Course code:



I - Introductory

Class size limit:


Typically offered:


“Nor could I see a reason in the world why a woman should not ride the silent steed so swift and blithesome.”, Frances E. Willard, A Wheel Within a Wheel, 1895

The bicycle is one of the most amazing inventions of the 19th century. With 25 pounds of metal, plastic and rubber, a person can propel themselves at staggering speeds of 20 miles per hour or more. Bicycles are a clean, healthy and efficient mode of transportation, yet they struggle to maintain relevance in some countries. In this course, we will study how this came to be in the United States and look at how other countries treat bicycles as transportation. The course will be divided into three roughly equal parts: History, Science and Policy. In the History module, we will start with the development of the bicycle in the late 1800s and study its impact on society as an example of how technology disrupts societal patterns. We will study the influence of the bicycle on mobility for the poor and for women, with Frances Willard and Annie Londonderry as examples. We will look at novel uses of bicycles in developing countries and in war. In the Science module, we will study the physics of bicycles, including gear ratios, brake leverage, steering geometry and ergonomics.  In the Policy module, we will study how rights to publicly funded roadways changed in the 20th century, with a focus on the American experience in removing pedestrians, animals and bicycles from the streets. We will also look at bicycle policy and street use in other countries to see how policy can shape behavior. Students interested in the history and physics of bicycles as well as how corporate power can co-opt public resources will benefit from this course. Students who complete this course will have an understanding of the development of the bicycle, the physics and mechanics of bicycles, and of the policy decisions that led modern roads to be dominated by the automobile. Evaluation will be through class participation, quizzes, and written essays.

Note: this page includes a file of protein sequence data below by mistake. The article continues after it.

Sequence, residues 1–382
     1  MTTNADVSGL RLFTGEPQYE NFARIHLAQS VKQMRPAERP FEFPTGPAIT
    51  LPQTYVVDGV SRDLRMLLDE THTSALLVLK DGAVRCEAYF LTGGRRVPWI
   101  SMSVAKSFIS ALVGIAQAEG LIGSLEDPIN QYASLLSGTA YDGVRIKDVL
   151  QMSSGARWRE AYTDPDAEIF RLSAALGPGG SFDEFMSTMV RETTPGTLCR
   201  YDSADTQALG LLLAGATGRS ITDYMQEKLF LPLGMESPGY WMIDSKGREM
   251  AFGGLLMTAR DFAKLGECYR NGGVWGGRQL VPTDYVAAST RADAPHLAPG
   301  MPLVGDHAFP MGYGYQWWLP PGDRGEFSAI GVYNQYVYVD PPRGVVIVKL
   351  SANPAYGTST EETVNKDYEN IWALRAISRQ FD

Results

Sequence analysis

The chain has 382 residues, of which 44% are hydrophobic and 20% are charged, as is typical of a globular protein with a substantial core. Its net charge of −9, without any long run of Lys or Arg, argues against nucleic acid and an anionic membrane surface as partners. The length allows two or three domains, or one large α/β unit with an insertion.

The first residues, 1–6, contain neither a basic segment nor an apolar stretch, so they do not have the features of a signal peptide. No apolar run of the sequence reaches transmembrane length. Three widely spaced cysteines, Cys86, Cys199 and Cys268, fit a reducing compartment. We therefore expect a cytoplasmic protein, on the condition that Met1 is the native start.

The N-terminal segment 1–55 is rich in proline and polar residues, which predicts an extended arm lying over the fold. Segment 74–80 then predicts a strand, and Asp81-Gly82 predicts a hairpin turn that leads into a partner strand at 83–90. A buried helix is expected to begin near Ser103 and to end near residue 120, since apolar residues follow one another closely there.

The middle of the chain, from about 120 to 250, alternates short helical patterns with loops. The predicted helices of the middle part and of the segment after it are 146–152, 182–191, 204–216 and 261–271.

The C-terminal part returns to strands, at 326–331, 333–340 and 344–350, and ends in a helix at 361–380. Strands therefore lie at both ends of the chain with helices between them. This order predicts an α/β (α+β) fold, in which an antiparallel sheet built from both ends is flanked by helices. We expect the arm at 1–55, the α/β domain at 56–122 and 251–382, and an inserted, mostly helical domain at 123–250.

Always visit the Registrar's Office for the official course catalog and schedules.